Plasmids containing the RT-PCR products, transgene, and transgene intermediates were sequenced by the University of Utah DNA Sequencing Facility. They use the dye primer system for universal primers and the dye terminator system for other primers. The products were analyzed using the ABI Prism 377 or 3700 DNA analyzers (Applied Biosystems, Foster City, CA). The results were analyzed using Sequencher (Gene Codes, Ann Arbor, MI) and Omiga (Oxford Molecular).


Design and construction of B1-EGFP transgene.

The V-ATPase B1-subunit gene (6.5 kb, ATP6V1B1 gene; GenBank accession no. NM_039350) 5′-flanking region was used to drive expression of an EGFP expression cassette (Clontech) (Fig. 1). The transgene includes the 5′-flanking region of the ATP6V1B1 gene extending to but excluding the endogenous translational start codon. The EGFP cassette includes the EGFP coding region, with its own translational start site, and an SV40 polyadenylation signal. Oligonucleotide primers were designed to anneal to the promoter and EGFP coding region to perform PCR genotyping. Primers were also designed to anneal within the EGFP coding region to perform RT-PCR analysis. Note that this EGFP expression cassette has been used successfully to express EGFP in principal cells of the renal collecting duct using the AQP2 promoter (51). The transgene minus the vector backbone is referred to as B1-EGFP.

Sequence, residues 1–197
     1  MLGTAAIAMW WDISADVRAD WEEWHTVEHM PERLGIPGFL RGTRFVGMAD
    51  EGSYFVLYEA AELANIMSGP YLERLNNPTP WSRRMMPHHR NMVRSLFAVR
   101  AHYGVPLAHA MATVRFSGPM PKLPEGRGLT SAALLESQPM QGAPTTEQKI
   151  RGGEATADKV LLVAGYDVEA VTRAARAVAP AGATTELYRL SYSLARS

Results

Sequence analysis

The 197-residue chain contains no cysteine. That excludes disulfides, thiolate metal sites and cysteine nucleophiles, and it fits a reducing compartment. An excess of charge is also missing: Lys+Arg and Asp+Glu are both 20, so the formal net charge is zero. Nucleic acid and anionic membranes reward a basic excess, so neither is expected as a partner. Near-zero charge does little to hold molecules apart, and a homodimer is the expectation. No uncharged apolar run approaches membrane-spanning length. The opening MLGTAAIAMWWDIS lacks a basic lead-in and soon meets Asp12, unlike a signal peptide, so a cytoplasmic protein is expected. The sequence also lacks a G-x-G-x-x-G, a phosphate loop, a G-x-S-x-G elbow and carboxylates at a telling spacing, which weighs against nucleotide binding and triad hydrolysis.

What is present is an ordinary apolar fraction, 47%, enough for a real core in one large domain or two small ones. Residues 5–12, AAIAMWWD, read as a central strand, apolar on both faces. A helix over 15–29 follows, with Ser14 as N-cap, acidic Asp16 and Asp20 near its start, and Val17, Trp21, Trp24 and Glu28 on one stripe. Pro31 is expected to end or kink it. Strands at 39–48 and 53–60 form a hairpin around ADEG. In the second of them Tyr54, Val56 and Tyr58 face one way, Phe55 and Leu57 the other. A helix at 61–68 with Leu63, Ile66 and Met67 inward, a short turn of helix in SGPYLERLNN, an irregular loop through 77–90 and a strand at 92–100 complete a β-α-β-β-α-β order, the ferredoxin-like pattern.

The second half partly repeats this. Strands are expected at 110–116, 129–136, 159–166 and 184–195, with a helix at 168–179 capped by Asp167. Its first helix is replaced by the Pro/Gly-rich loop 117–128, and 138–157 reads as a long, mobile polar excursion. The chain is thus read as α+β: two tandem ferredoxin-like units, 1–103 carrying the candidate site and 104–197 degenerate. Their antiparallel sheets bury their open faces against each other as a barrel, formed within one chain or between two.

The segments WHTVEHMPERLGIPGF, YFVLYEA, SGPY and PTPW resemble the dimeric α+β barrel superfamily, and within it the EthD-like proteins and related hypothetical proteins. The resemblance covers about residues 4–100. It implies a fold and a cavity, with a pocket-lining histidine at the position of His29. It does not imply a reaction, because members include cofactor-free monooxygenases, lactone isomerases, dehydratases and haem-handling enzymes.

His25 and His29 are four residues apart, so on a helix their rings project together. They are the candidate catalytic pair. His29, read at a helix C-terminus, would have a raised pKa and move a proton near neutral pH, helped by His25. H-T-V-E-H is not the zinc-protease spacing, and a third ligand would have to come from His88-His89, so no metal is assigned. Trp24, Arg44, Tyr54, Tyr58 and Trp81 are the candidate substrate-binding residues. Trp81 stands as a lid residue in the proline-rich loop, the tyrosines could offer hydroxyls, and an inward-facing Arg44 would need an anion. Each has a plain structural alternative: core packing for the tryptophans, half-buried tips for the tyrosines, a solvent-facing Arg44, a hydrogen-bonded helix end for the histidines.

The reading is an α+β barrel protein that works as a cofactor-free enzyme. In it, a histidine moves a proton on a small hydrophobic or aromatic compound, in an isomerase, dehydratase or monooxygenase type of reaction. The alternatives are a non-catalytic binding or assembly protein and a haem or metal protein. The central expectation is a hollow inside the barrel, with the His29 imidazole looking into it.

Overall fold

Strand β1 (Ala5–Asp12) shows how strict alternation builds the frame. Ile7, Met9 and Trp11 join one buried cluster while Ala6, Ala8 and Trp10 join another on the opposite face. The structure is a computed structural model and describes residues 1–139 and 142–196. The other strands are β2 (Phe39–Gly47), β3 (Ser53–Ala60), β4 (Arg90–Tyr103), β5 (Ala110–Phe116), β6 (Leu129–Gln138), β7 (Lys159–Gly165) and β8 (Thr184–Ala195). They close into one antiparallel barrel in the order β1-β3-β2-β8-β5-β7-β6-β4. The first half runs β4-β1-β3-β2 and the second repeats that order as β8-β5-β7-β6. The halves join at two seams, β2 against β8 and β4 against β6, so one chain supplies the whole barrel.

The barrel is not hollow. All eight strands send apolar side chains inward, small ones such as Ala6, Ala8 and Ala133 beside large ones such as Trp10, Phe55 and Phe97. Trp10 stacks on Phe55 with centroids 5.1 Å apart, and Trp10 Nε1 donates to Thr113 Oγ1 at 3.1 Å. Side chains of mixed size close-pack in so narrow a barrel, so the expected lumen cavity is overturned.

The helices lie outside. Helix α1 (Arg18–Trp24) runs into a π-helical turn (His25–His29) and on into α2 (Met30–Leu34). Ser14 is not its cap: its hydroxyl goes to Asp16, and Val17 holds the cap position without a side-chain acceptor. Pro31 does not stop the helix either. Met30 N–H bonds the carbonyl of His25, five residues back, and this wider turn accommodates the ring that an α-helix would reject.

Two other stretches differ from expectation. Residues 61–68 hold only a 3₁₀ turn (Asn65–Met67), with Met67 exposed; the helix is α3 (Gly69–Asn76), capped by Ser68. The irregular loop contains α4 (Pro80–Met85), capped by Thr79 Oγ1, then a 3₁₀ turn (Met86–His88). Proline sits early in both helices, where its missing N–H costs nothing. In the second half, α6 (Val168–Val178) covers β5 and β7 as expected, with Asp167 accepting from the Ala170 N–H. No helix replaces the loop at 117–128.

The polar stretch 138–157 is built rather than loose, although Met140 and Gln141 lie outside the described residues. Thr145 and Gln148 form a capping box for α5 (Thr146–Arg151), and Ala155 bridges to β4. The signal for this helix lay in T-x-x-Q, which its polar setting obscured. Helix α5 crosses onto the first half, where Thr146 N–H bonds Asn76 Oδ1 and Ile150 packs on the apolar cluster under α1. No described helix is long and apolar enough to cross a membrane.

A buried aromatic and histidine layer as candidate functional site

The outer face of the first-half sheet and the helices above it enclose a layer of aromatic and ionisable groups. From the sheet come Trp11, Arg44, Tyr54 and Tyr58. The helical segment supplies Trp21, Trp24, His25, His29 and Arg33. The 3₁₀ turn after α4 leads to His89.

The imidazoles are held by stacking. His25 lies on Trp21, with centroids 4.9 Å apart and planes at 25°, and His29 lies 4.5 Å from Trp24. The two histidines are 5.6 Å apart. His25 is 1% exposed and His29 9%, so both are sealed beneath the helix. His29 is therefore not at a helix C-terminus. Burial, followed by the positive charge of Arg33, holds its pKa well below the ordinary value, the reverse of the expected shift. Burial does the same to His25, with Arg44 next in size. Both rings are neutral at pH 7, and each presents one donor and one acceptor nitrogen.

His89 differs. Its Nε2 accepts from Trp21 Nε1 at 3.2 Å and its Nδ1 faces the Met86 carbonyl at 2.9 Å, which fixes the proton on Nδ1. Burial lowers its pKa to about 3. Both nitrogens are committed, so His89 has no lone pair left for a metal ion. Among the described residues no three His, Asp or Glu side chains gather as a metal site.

Fig. 1.

The human (h)B1-enhanced green fluorescent protein (EGFP) transgene. The human vacuolar H+-ATPase (V-ATPase) gene is shown at top. The hB1-GFP transgene is shown at bottom. The human V-ATPase 5′-flanking region (6.5 kb) was linked to an EGFP expression cassette including the SV40 early region polyadenylation signal. The transcriptional initiation sites are indicated by arrows. Animals were genotyped using PCR genotyping with oligonucleotide primers at the positions shown. RNA expression was determined by performing RT-PCR using the oligonucleotide primers at the position shown. This figure is schematic and not to scale.

Creation, breeding, and genotyping of transgenic mice.